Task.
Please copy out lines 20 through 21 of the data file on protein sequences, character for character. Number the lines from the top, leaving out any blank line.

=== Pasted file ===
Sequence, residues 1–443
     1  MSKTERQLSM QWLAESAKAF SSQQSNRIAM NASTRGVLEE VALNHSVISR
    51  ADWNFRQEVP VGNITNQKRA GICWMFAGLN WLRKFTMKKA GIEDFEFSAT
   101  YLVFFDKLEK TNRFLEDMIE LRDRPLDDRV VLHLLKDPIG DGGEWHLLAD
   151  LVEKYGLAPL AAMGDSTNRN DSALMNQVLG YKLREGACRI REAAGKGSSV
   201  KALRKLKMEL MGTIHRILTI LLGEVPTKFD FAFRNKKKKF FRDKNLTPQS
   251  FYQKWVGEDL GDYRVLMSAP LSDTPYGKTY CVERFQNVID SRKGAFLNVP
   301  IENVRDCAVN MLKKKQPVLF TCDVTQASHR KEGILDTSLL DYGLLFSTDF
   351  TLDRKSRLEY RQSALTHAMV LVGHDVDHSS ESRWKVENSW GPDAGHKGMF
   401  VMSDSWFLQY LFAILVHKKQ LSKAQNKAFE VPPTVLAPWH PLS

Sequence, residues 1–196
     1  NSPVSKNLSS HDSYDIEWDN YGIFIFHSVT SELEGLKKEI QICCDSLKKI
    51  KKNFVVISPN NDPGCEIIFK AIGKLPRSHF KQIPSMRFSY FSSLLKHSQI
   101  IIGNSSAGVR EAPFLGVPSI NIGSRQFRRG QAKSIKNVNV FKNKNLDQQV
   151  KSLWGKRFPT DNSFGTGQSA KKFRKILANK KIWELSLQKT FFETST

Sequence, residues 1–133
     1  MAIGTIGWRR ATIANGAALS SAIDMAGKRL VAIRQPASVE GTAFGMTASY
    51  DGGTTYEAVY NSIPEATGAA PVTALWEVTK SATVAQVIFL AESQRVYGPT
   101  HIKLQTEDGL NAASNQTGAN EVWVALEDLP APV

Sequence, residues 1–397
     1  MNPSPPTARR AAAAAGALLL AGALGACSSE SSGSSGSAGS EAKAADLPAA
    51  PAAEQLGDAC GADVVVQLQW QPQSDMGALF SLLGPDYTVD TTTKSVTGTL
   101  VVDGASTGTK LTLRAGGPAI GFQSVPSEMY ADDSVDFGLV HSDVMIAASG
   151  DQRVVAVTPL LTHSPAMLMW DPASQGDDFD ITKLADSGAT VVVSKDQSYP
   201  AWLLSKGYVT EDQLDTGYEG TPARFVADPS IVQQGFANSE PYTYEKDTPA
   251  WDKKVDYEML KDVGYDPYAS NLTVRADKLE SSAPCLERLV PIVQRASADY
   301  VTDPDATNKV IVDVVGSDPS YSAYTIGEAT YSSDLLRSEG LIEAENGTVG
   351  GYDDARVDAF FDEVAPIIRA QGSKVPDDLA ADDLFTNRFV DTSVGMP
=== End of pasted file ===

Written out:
Sequence, residues 1–397
     1  MNPSPPTARR AAAAAGALLL AGALGACSSE SSGSSGSAGS EAKAADLPAA